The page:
We thus reach the central questions presented by this appeal: (1) Had the jury acquitted Kinnane of attempted sexual assault in the second degree in violation of HRS §§ 705-500 and 707-731(1)(a), as charged in Count I, was there a rational basis in the evidence for convicting him of either sexual assault in the fourth degree in violation of HRS § 707-733(1)(a) or attempted sexual assault in the fourth degree in violation of HRS §§ 705-500 and 707-733(1)(a); and, (2) if so, neither sexual assault in the fourth degree nor attempted sexual assault in the fourth degree having been charged in Count I, would such convictions have been lawful? The answer to the first question turns on the respective elements of the three offenses. The answer to the second question turns on whether sexual assault in the fourth degree and attempted sexual assault in the fourth degree are "included in" the charged offense of attempted sexual assault in the second degree, within the meaning of HRS § 701-109(4). Accordingly, we address each question in turn.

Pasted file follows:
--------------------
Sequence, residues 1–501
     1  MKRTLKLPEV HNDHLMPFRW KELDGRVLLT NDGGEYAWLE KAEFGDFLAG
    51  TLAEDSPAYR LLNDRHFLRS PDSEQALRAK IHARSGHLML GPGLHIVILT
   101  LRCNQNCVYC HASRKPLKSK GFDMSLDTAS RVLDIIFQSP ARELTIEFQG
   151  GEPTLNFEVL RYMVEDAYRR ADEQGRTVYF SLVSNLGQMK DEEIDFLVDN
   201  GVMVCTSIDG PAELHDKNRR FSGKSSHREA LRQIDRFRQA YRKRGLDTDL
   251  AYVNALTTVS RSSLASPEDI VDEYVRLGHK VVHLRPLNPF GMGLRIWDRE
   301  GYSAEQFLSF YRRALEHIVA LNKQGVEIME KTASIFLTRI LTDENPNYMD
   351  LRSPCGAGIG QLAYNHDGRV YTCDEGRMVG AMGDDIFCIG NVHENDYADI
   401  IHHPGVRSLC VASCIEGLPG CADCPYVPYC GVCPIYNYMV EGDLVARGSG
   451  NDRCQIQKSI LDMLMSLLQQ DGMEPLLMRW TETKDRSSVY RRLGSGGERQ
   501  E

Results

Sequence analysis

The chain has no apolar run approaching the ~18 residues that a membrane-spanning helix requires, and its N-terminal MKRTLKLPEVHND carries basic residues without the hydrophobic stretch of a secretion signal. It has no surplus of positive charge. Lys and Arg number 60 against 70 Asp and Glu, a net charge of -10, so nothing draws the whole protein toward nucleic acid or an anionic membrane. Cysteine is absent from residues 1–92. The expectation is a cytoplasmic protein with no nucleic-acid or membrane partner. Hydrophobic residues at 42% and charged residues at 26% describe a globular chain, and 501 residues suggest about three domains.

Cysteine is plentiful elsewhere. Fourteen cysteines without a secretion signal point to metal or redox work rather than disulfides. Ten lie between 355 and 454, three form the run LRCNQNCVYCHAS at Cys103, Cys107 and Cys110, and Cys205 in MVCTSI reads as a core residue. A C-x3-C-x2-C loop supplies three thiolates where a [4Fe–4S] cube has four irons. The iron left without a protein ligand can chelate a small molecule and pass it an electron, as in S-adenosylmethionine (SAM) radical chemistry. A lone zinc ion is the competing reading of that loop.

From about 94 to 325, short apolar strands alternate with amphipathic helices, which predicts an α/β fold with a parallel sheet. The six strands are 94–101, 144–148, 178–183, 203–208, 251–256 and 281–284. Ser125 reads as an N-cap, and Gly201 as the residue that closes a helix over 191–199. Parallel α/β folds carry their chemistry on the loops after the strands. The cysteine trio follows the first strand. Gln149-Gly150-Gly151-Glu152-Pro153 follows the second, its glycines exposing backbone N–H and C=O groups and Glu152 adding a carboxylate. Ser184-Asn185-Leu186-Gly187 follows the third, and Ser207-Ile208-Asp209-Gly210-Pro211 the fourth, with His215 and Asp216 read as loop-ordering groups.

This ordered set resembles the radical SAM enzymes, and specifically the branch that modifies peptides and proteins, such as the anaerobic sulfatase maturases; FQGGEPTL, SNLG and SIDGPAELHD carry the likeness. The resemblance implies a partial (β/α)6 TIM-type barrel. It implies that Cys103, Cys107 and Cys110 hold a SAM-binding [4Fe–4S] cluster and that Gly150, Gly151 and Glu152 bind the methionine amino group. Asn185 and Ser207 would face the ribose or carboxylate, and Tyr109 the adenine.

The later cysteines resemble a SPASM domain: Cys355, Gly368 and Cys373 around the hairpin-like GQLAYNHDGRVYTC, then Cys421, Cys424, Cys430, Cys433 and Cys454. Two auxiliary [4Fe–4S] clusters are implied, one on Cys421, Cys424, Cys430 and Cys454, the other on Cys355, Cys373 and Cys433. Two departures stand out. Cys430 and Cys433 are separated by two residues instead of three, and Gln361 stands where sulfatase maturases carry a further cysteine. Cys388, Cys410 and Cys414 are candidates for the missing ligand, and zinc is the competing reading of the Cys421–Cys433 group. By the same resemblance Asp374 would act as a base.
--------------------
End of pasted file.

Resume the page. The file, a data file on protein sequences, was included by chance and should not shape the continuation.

1. Elements of the offenses

"HRS § 701-114(1)(a) and (b) (1985) requires proof beyond a reasonable doubt of each element of the offense, as well as the state of mind required to establish each element of the offense." State v. Pone, 78 Hawai`i 262, 265, 892 P.2d 455, 458 (1995) (quoting Kupau, 76 Hawai`i at 390, 879 P.2d at 495) (citations and internal quotation marks omitted). "In addition, pursuant to *980 HRS § 702-205 (1985), the requisite state of mind applies to such conduct, attendant circumstances, and results of conduct as are specified by the definition of the offense." Id. (quoting Kupau, 76 Hawai`i at 390-91, 879 P.2d at 495-96) (citation, brackets, and internal quotation marks omitted).

A person commits the offense of attempted sexual assault in the second degree, in violation of HRS §§ 705-500(1)(b) and 707-731(1)(a), if the person intentionally engages in conduct, which, under the circumstances as the person believes them to be, constitutes a substantial step in a course of conduct intended or known to be practically certain to subject another person to an act of sexual penetration that the person is aware is by compulsion.[14]